More product, more challenges

BDCs looking to break into closed-end funds and credit fund managers eager to get into BDCs have at least one thing in common: a long to-do list.

One of the big themes in the credit world last year was that many business development companies were trading below book value, which precluded them from raising new equity capital. Publicly-traded BDCs lost 6.7 percent on average in 2014, according to the Wilshire BDC Index. As a consequence, some BDCs are trying to branch out into other parts of the US debt market to refill their coffers elsewhere.

Take Greenwich, CT-based Fifth Street Asset Management for example, which has most of its $6 billion under management in two BDCs. Fifth Street is branching out into institutional strategies, which founder Len Tannenbaum recently gave up his chief executive title at the BDCs to focus on. The firm recently closed its first CLO on $309 million and has ambitious plans for other vehicles such as closed-end funds, hedge funds, an aircraft leasing strategy and expansion into Japan.

Fifth Street’s expansion plan means the firm will have lots of work to do. Creating CLOs usually involves working with underwriters at the major investment banks, and setting them up via a warehouse process to speed up the securitization process. Fifth Street is working with Wells Fargo to raise institutional capital for its CLOs. In 2013, the bank provided the firm with a credit facility.

In addition, raising institutional money for closed-end funds requires the nurturing of investor relationships and courting investment staff, pension plan trustees, other types of decision-makers and also external consultants for years. It’s a long-winded process, and any BDC specialist seeking to develop an institutional product line should be clear that the effort is considerable.

Now, intriguingly, there is also a movement in the other direction – from debt fund managers seeking to enter the BDC space. Driving this is the near-certainty that BDC valuations will recover eventually (some already have), and also the fact that they are a great source of permanent capital. Indeed, several large, well-established credit fund firms are now starting BDCs.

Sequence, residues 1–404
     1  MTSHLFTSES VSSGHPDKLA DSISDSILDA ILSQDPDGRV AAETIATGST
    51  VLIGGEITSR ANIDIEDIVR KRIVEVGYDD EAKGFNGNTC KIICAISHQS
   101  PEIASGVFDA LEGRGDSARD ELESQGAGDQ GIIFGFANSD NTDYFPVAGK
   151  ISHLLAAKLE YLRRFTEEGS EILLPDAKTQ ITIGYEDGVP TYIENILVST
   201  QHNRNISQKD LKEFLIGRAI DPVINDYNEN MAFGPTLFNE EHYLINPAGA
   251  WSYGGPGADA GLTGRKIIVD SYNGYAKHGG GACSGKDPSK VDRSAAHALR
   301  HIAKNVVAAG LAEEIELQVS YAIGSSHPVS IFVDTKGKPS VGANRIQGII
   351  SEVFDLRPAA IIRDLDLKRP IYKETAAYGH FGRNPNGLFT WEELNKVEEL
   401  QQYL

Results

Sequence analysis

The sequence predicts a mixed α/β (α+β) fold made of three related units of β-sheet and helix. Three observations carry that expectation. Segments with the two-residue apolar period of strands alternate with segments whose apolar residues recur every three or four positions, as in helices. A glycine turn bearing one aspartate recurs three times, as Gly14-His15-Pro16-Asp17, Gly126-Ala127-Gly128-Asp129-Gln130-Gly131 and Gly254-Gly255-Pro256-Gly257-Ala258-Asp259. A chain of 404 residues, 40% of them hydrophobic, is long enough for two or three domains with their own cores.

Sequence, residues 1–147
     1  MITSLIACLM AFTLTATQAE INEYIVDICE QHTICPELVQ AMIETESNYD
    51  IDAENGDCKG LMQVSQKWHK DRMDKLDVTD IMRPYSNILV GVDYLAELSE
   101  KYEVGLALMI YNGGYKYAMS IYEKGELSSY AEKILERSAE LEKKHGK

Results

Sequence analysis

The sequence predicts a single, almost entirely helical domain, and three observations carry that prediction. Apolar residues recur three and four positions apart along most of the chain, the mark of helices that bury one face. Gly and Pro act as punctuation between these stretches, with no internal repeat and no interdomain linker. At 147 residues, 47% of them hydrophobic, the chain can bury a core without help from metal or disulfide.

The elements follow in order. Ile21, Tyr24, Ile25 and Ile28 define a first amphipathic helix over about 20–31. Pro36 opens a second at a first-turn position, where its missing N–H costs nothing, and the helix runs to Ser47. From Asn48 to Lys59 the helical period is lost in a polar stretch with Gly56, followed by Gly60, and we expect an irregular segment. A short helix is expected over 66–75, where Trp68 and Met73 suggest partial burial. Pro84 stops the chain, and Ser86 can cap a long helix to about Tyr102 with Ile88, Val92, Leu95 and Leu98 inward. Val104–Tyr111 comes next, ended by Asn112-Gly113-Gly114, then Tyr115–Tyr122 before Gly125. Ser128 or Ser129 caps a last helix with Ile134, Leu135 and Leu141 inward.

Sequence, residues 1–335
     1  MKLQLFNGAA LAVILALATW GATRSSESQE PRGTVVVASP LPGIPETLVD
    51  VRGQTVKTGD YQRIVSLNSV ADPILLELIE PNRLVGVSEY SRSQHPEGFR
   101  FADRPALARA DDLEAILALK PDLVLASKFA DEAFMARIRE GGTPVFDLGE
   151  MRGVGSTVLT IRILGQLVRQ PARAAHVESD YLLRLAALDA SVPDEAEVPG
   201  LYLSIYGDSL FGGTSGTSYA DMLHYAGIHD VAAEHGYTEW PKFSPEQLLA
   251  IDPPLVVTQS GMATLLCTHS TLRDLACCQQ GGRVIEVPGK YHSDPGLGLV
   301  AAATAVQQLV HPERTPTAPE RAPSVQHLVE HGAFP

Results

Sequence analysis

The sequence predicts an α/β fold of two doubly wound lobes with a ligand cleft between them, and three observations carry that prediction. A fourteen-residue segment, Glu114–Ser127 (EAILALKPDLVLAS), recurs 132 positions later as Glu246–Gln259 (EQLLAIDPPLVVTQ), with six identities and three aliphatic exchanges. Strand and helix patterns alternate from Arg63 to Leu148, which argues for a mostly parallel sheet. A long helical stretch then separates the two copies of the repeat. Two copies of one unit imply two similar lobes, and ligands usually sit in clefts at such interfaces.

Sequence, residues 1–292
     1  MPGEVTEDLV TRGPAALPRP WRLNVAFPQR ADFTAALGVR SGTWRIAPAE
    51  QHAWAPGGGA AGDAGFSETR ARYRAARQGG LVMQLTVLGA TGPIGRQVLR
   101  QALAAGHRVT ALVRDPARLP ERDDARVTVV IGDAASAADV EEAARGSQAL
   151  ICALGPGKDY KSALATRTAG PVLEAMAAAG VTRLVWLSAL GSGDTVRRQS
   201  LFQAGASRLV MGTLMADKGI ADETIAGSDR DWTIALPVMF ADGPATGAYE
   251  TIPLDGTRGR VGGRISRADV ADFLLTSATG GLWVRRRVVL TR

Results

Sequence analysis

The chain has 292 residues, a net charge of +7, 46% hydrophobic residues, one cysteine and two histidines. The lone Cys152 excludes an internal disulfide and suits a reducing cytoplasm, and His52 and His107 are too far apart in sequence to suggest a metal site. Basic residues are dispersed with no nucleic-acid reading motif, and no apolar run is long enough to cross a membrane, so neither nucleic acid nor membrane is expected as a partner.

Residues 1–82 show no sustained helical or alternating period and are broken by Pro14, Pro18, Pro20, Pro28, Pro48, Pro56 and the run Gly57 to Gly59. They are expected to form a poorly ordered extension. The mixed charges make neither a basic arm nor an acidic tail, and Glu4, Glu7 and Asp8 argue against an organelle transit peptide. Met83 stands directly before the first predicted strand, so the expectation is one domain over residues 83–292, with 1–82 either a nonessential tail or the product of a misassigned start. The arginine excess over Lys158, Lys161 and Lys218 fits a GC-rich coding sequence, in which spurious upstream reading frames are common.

A case in point is Benefit Street Partners, which has launched a non-traded BDC in partnership with Los Angeles-based Griffin Capital. “We thought the BDC would be a good way to diversify our investor base beyond large pension funds and endowments, without changing our strategy,” Rich Byrne, Benefit Street’s president told PDI. “Permanent capital is a very important thing to an asset manager.” It’s important because it overcomes the inherent flaw in closed-end funds: when the last one is finished investing and money for a new one hasn’t yet been raised, the managers can’t collect fresh fees.

But again, setting up a new BDC from scratch is no easy task. Throwing darts at the wall and hoping they stick won’t work. Novice managers often start with non-traded ones first, spend several years getting the product registered on financial advisor and broker-dealer platforms and then, provided the vehicle has raised enough capital, offer it on an exchange. Confirms Byrne: “We expect the BDC to raise capital over the next three years through the broker dealer and RIA networks.” He estimates that there are thousands of them in the country.

When all is said and done, raising money for either type of structure is not easy. Before embarking on such a project, firms must make sure they have the right infrastructure and relationships in place to start tapping a new investor base. For houses that have scale already, such as the large alternative investment firms with deep pockets and connections, this might not be such a daunting task. For smaller firms, and especially BDCs that have been underperforming in recent times, it could be a more arduous road to travel.